Vim for Javascript

Vim is just as useful today as it was in the 1970s

VI and then Vim(Vi Improved) have been used by programmers for decades but that doesn’t mean that its any less useful today. Vim is made for almost every system in use today and many programmers today still enjoy the speed, accuracy, and power Vim offers. Vim has certainly evolved since its inception and now many versions even have support for mouse (although I wouldn’t recomend getting used to using a mouse with Vim). One of the major reasons that I find Vim so much quicker to use is infact that I don’t have to use a mouse for getting around inside it.

The key bindings in Vim are so useful that they have often been ported to other programs as well. For instance the popular newer code editor vscode has a very nice and popular vim emulation plugin called vscodevim that takes advantage of most of vim’s keybindings and even some popular plugins.

What you need to get up and working with Vim for Javascript

Installing Vim.

Installing Vim is easy on most systems. For MacOs there are two main versions MacVim for a GUI version and a normal terminal version. The terminal version can easily be installed with Homebrew brew install vim.

There are also forks of Vim that function almost exactly the same as Vim but have diffrent options or looks. One of the most common of these is Neovim which I find has some nice defaults that look a little more modern. Installing on mac with Homebrew is also easy brew install neovim

You’ll find that all Linux varients that use a package manager have Vim and Nvim (Neovim) avilable. For other systems and more detailed instructions look over at

Spacevim is anouther take on vim that aims to be more like a full IDE replacement. It requires Vim or Neovim to be already installed and it’ll install an optionated list of plugins and customisations. Feel free to take a look at and its use for javascript it but I actually don’t recomend it for most people.

Basic usage of Vim

Vim is a modal editor, meaning that it has diffrent major modes, these are normal, command, insert, and visual. Furthermore the commands while might seem confusing at first are additive based so once you learn a few commands you can start to put things togeather to create a more complex or diffrent command.

Vim always starts off in normal mode, this can be confusing as in this mode you don’t see on screen what you are typing. This mode is for moving around and doing some quick editing. To enter what most people would probably call normal, where you can enter stuff into the editor, you can just enter i for insert mode. To exit any mode and go back to the normal/default you can enter etc key.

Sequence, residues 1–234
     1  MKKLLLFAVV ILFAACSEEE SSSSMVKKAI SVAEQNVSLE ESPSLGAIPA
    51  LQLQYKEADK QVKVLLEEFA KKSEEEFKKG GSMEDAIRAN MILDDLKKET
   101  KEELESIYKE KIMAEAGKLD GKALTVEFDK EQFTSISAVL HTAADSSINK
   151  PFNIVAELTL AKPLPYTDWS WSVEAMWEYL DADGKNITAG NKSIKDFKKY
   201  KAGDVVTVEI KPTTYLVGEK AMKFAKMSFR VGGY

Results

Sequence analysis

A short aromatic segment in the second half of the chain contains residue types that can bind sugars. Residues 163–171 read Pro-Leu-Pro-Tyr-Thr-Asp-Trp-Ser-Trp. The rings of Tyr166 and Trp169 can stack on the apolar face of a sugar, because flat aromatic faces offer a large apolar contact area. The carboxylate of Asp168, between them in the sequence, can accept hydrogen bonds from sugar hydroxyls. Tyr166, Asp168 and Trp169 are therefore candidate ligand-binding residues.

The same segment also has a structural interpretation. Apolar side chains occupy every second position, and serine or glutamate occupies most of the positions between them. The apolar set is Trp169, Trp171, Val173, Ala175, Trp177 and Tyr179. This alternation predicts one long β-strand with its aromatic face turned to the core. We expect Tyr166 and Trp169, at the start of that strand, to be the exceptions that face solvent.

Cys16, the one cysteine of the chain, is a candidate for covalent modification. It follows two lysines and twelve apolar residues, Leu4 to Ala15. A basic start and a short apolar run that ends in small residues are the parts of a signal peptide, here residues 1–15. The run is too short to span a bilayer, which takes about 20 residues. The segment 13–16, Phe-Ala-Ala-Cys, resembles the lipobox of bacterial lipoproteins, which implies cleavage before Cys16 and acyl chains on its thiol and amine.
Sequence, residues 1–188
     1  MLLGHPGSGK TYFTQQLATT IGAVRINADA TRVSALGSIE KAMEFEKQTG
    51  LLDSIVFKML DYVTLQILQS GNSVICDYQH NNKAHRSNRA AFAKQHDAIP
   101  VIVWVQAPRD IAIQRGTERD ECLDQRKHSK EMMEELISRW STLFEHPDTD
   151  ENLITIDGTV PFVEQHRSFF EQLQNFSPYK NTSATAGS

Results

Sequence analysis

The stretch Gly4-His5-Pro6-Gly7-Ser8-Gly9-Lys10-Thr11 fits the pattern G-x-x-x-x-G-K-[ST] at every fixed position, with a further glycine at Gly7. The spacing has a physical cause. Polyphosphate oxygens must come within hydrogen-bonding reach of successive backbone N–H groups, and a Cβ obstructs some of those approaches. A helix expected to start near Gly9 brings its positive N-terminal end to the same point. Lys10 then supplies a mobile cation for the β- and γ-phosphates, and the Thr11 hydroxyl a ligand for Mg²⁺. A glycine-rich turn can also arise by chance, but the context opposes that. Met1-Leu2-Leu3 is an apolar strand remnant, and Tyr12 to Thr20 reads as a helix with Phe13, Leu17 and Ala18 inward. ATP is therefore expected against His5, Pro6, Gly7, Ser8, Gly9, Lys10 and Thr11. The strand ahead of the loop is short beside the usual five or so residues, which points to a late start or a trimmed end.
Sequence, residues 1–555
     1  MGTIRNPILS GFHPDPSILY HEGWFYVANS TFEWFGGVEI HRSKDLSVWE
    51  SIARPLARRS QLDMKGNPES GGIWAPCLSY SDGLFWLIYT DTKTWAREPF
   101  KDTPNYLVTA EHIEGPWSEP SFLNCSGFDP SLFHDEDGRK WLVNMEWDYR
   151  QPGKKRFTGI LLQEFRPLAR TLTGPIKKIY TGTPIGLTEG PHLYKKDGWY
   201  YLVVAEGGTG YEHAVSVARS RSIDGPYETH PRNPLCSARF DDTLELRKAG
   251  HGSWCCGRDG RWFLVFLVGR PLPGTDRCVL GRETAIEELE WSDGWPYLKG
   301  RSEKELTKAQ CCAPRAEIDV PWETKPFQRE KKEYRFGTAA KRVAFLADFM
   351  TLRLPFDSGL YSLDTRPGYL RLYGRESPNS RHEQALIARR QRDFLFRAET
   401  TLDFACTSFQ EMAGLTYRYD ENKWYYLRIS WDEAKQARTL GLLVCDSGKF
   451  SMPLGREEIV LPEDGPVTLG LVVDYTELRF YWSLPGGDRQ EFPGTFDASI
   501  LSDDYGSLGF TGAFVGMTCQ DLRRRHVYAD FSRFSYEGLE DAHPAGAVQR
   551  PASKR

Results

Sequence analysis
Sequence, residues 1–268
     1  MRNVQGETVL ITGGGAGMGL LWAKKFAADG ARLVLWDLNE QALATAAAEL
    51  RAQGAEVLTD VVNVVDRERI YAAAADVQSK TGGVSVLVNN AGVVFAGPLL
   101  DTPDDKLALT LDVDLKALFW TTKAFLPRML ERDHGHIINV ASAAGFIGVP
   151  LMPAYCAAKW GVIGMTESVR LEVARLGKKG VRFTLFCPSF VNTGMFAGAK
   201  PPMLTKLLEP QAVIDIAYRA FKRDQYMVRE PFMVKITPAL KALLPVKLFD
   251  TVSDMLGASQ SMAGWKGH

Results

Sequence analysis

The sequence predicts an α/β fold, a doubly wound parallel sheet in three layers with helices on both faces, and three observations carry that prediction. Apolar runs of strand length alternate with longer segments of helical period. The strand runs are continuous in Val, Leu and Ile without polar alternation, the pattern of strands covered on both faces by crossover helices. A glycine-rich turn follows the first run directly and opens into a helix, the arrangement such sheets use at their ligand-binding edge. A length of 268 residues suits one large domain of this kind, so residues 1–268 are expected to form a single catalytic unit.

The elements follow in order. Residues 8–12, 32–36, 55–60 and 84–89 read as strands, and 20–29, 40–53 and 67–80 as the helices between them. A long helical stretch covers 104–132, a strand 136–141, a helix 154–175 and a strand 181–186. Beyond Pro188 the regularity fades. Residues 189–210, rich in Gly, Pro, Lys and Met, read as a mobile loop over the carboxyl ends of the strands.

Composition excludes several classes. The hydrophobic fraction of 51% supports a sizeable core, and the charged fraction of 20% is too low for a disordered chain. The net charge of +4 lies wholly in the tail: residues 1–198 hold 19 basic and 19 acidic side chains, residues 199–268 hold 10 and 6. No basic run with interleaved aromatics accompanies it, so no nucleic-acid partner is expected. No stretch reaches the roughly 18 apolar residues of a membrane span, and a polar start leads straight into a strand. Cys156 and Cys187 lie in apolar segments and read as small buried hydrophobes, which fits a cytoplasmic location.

To move around in the normal mode you use the keys h,j,k,l for basic movement. putting a number in front allows you to move that many chars at once. For instance 10j would move 10 lines down. In general anytime you enter a number before a command it repeats it that many times. Moving forward in a line by a full word is w, backwards b. Using this selection and movement method is a quick and acurate way of moving that also allows you to move, edit, enter text without your hands leaving the keyboard.

To enter the command mode where you can save and exit, amoung many other things, you can enter : the colon key. Once in this mode you can type q to quit, w to write, and qw to write and quit. You can see now a bit what I mean by additive, you simply put q and w togeather to both quite and write at the same time.

Visual mode is where you can highlight text to act on larger sections of code based on what is visualy selected. You enter this mode with v.

configuring & customization of Vim

There is a lot you can change with the configuration file from looks to default functionality.

Vim Plugins

The easist way to install and manage plugins is with a plugin manager like Vim-plug

Some plugins you may find useful for use writing javascript

check for more plugins that I recomend

Down the rabbit hole with Vim.

You can really go a long ways to getting Vim to run and act the way you want. if you look around you’ll likely find a lot of recomended configuration files that promise to get you the perfect setup. I highly recomend you not just download and start using these as you’ll be using someone elses perfect setup and not yours. Adding one plugin at a time or changing a few lines of the config file will let you quickly find what you want and do not want.

Vim Quick Refrence page